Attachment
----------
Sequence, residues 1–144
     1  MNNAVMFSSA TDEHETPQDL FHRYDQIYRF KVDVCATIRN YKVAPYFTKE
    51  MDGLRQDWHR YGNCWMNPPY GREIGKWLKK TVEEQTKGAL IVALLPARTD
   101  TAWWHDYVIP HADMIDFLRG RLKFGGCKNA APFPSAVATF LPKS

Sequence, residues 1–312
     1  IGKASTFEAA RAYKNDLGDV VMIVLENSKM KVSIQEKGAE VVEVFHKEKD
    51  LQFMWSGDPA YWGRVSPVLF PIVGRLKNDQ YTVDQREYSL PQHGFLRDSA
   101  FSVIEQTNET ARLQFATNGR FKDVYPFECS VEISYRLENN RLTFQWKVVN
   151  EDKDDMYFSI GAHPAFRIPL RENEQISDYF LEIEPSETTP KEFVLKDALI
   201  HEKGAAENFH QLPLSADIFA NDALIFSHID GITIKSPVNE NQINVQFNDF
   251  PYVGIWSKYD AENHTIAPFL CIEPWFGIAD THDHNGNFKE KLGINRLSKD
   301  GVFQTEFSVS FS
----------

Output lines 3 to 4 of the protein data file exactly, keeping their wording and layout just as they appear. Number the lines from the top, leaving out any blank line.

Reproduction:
    51  MDGLRQDWHR YGNCWMNPPY GREIGKWLKK TVEEQTKGAL IVALLPARTD
   101  TAWWHDYVIP HADMIDFLRG RLKFGGCKNA APFPSAVATF LPKS